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Order banks were opened at 9AM on May 19. By 1PM that same day the Lyriq was sold out.



My daughter ordered one, so if production goes as planned, I should be able to take a good look at one this fall. Hers will be the single motor RWD version with 350HP and 312 miles of range (100 KWH battery pack). She ordered it with no options, but it will still be pretty nicely equipped (vented seats, adaptive cruise, auto high/low beams, and a lot more).

Not sure about comparative dimensions, but the appearance of this car reminds me of the Chrysler Airflow concept car. If Chrysler can get it out soon, there appears to be a lot of demand for this type of car.
 

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The Cadillac has a more defined style than the Airflow concept. The Airflow will still probably be in limited supply it's first 6 months like other new models from Chrysler.
 

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Would that be the same as adaptive cruise? We have it on our '16 RAV4 and I have to say I'm not particularly fond of it.
 

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Would that be the same as adaptive cruise? We have it on our '16 RAV4 and I have to say I'm not particularly fond of it.
No, it's full autonomous driving on good clear freeways. I think it can do lane changes as well as straight lines which makes it more useful. Our 300 has adaptive cruise and while it works well, I often wish I could switch it to non-adaptive cruise on demand.
 

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SOLD OUT? More Like RESERVED.



Sold out? How can they sell out of something they haven't made yet? How many did they "plan" to sell? They could have sold out of the planned 10 they wanted to make. lol! This needs context. So let me be the person who provides you some context.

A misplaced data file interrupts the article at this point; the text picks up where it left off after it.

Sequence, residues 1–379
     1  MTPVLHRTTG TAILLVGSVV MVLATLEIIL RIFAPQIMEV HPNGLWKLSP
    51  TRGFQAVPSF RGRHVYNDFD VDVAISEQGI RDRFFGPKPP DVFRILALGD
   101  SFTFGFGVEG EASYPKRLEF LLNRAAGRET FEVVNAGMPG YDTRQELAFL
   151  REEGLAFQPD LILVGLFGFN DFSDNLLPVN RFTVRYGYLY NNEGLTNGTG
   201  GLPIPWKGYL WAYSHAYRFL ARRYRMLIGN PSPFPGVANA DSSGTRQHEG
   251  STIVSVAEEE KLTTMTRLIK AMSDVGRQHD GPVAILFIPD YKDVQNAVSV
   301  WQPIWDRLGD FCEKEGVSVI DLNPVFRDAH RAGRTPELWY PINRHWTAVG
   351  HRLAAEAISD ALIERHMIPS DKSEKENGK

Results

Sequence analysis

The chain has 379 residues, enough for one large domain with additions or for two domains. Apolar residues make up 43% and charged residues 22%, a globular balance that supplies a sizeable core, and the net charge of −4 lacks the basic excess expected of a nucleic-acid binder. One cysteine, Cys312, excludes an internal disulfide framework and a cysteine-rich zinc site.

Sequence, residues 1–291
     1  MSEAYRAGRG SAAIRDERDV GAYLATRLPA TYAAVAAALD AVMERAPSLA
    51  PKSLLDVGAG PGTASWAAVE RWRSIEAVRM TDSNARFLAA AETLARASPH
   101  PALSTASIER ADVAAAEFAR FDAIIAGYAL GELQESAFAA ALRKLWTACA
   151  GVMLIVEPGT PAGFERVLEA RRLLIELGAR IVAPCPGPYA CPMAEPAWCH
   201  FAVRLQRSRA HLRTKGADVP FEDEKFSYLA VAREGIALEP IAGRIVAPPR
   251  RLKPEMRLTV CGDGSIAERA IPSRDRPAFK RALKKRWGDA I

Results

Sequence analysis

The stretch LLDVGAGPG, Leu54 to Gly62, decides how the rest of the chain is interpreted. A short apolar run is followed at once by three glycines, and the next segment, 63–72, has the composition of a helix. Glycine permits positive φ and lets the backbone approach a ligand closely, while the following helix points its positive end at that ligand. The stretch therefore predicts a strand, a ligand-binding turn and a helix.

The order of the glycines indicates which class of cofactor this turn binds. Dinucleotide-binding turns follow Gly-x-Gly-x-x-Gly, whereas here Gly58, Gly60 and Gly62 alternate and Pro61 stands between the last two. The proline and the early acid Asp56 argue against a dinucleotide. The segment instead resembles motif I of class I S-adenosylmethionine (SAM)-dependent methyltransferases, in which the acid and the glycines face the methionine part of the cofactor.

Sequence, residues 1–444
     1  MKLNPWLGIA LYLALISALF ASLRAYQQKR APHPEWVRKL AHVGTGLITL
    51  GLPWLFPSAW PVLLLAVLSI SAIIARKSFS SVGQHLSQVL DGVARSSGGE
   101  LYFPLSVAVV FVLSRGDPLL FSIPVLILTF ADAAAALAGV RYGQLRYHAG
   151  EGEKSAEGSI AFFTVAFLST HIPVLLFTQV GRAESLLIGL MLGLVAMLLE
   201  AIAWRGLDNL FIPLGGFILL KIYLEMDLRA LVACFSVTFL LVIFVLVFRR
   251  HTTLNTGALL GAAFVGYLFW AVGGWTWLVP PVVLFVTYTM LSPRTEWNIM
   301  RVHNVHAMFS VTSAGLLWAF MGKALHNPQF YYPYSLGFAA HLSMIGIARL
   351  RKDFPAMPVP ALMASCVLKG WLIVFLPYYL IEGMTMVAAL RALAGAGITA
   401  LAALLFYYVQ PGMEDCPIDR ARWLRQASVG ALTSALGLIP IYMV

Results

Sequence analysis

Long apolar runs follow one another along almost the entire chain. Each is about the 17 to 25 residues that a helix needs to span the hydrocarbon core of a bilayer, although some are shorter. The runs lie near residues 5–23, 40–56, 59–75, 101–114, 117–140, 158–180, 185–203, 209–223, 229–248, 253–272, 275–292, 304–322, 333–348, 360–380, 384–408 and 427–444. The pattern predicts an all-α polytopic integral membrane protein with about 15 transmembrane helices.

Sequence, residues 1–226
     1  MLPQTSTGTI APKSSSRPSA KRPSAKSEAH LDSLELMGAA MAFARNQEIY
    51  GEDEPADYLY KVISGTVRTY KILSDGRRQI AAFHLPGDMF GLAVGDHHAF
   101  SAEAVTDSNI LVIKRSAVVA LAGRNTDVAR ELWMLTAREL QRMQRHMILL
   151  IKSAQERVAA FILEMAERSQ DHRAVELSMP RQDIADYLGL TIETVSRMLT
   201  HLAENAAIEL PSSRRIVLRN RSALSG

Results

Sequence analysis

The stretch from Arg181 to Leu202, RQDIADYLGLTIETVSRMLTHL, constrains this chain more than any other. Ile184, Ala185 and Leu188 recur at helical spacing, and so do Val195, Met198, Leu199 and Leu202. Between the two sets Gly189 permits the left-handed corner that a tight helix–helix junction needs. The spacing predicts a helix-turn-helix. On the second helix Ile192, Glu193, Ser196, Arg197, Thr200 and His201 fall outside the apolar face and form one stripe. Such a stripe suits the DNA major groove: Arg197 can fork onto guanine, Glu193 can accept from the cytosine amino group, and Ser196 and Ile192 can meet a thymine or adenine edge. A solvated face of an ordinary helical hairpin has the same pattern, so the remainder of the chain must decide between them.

Sadly, we don't know. GM didn't say. But people had to place a $100 dollar deposit (which is fully refundable) on it. It is estimated by some auto journalists that 20,000 vehicles were reserved (not sold out). The estimate goes as high as 233,000, but that's a smoke and mirrors number. That is just people who were interested back in May.​
 

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Would that be the same as adaptive cruise? We have it on our '16 RAV4 and I have to say I'm not particularly fond of it.
Our new Grand Cherokee L has it and that's all I use. I first experienced it on a RAV 4 we rented a few years back. It also had regular cruise if that's one's cup of tea as well.
 

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SOLD OUT? More Like RESERVED.



Sold out? How can they sell out of something they haven't made yet? How many did they "plan" to sell? They could have sold out of the planned 10 they wanted to make. lol! This needs context. So let me be the person who provides you some context.

Sadly, we don't know. GM didn't say. But people had to place a $100 dollar deposit (which is fully refundable) on it. It is estimated by some auto journalists that 20,000 vehicles were reserved (not sold out). The estimate goes as high as 233,000, but that's a smoke and mirrors number. That is just people who were interested back in May.​
I love how they play around with that phrase: "Sold Out".
 

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It's common to call a vehicle sold out when the allotment of initial pre-orders are filled even if it isn't 100% accurate.
I'm sure some are just hoping to get what might (or might not) be a car that is temporarily worth more than they paid so they can flip it.

Anyway, it's a strong sign there is a section of the buying public interested in electric cars. Certainly not the majority, but probably a bigger portion of the luxury market than the mainstream market.

And it's great publicity for GM with all those large trucks and SUVs that use so much gasoline.
 
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This isn't new or unique to EVs. When there are a specific number of vehicles they can schedule, and every one is ordered, yes, it is officially “sold out.” To do so in one day is pretty impressive.

Lyriq starts at $65,000 or so, so this isn't a general interest car. I don't know how many people are buying them as collectors' items; I wouldn't. I would guess most people are sincere in wanting them, and a few are assuming they can resell at a higher price. But that would be true for any limited run of any car—Corvette, Viper, PT Cruiser, you name it.